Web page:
Baltimore’s world-famous Inner Harbor has been awarded the 2009 Heritage Award of the Urban Land Institute (ULI). The award was announced on April 24 at the association’s spring meeting in Atlanta, when the ULI announced the winners of its annual Awards of Excellence for development plans and projects across the U.S.
The ULI announcement said the Heritage Award is not given annually, but “is bestowed periodically for developments that have demonstrated industry excellence and made substantial contributions to their greater community’s well-being for at least 25 years.” It has been given only eight times in the 30 years of the Awards of Excellence program.
The Inner Harbor’s redevelopment was one of the signature projects of a major downtown revitalization that was planned and vigorously supported by the Greater Baltimore Committee after being formed in 1955 to “take prompt and aggressive action” to address a deteriorating city that was weakening the region’s economy.
Current GBC member and urban development consultant Martin Millspaugh served as chief executive of Charles Center-Inner Harbor Management, Inc., which was also cited by ULI. The non-profit Charles Center-Inner Harbor, Inc. managed the development of the Inner Harbor on behalf of the City from 1965 to1989, under six different Mayors.
The Inner Harbor was the second of two major projects spawned by the GBC’s planning council which, working with renowned architect David Wallace, in 1956 conceived the Charles Center redevelopment and in 1964 produced a 30-year plan to redevelop the Inner Harbor.
Citing the development of the original Inner Harbor project, which was completed in 1984, the ULI award said ”the Baltimore Inner Harbor … now stands as the model for post-industrial waterfront redevelopment around the World.” Other projects that have won the Heritage Award include Rockefeller Center, Disneyland and the Burnham Plan for the Chicago waterfront.
“The Heritage Award is especially gratifying because it recognizes the historic role the Inner Harbor has played — and continues to play — in creating a new and inviting image for Baltimore around the world,” Millspaugh said. “It honors the heart of the city itself, as well as the many people who worked over the years to transform the derelict and abandoned old Inner Harbor Basin of 1965 into the exhilarating playground for Baltimoreans and the thriving tourist destination that it is today.”
The Heritage Awards recognize “the full development of a project, not just its architecture or design, but its leadership, contribution to the community, innovations, public-private partnerships, environmental protection and enhancement, response to societal needs and financial viability.”
The Heritage Award must meet the additional criteria of “establishing new concepts or standards that have been emulated elsewhere; being of national or international renown and having been completed for a minimum of 25 years.”
Baltimore won its first ULI Award of Excellence in 1980 for the Charles Center project, and five other such Awards have been received for individual projects in the Charles Center-Inner Harbor development area: the Furness House office building renovation, the Inner Harbor Shoreline, Oriole Park at Camden Yards, the American Visionary Art Museum and the Power Plant.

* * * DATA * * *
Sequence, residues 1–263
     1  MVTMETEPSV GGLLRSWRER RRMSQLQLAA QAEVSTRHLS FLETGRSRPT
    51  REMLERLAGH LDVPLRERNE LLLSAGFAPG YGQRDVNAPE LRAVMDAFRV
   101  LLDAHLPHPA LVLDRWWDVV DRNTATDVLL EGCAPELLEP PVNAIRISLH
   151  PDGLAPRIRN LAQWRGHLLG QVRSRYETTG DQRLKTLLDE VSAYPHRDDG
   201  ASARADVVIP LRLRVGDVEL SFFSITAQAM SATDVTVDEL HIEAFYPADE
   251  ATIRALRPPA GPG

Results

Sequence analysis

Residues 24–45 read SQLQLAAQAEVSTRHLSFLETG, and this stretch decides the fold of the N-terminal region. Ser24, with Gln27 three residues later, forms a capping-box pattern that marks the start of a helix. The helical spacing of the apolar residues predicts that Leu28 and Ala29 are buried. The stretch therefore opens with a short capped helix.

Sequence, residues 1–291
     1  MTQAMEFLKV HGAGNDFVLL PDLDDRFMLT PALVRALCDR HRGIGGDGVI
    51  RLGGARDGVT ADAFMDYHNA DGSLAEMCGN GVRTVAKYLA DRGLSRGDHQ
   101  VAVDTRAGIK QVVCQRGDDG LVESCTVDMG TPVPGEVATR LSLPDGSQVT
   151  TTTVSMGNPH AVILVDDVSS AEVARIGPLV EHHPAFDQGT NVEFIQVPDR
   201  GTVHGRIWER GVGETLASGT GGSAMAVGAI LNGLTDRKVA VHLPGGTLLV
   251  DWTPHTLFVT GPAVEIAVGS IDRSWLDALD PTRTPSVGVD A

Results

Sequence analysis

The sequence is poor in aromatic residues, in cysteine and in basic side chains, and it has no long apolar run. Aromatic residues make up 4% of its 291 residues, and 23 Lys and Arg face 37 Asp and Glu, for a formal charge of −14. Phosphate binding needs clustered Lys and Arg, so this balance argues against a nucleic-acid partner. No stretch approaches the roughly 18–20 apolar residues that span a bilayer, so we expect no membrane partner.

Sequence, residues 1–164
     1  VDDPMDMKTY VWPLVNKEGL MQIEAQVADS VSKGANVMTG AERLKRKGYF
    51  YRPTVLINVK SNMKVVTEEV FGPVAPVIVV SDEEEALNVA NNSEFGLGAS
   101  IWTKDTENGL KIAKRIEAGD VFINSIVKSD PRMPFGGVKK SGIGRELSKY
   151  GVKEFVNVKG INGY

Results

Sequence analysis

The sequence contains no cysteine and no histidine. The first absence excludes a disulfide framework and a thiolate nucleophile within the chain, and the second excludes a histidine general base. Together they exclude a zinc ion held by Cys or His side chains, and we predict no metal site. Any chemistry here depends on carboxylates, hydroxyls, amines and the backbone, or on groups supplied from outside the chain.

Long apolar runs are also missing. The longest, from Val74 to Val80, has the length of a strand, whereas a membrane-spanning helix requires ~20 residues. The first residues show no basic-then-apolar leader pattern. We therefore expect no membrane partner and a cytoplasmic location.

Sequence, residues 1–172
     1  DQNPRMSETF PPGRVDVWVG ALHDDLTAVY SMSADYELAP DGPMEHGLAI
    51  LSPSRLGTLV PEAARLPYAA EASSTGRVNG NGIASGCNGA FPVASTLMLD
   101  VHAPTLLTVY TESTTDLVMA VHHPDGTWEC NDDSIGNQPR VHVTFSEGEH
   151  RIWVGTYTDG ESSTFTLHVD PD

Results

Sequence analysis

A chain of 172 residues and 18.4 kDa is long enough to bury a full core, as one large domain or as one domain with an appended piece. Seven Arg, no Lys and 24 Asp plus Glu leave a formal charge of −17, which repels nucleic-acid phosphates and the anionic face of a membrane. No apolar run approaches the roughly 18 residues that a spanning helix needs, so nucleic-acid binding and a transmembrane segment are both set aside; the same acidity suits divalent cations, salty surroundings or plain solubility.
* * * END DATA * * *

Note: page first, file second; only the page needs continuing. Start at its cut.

The Inner Harbor development program was initiated in 1963, when the then Mayor Theodore R. McKeldin announced that Baltimore had shown its ability to create such a development by the successful implementation of the Charles Center project. The original Inner Harbor Master Plan, extending roughly from Lombard Street to Key Highway and from Howard Street to the National Aquarium, was created in stages between 1964 and 1968.
New headquarters office buildings were built along Pratt Street and the Inner Harbor Promenade and public open space surrounding the historic Harbor Basin were completed in the 1970’s, when weekly festivals put on by different ethnic neighborhoods started drawing hundreds of thousands of Baltimoreans to the Inner Harbor Shoreline. The City Fair moved to the Inner Harbor in 1973.
There was still no real thought of Baltimore attracting tourists until 1976, when eight Tall Ships from different countries came to visit — after the U.S. Bicentennial Celebration in New York. The Tall Ships held an open house for 10 days, and visitors came from two or three States away for that.
The City and its Inner Harbor managers recognized the potential for tourism, and they spent the next five years developing major attractions such as the Science Center, National Aquarium, Convention Center, Hyatt Regency Hotel and Harborplace.
When the last of those major projects were completed in 1980 and ’81, the result created a critical mass of attractions that began drawing an attendance of 20 million visits a year, including 6 to 7 million tourists.
As a result, the ULI announcement noted, the Inner Harbor now supports upwards of 50,000 jobs, generates $60 million in new tax revenues from all sources and has created a billion-dollar tourist industry were none existed before.
In 1984, the American Institute of Architects gave its Honor Award to the Inner Harbor, citing it as “one of the supreme achievements of large-scale urban design and development in U.S. history.”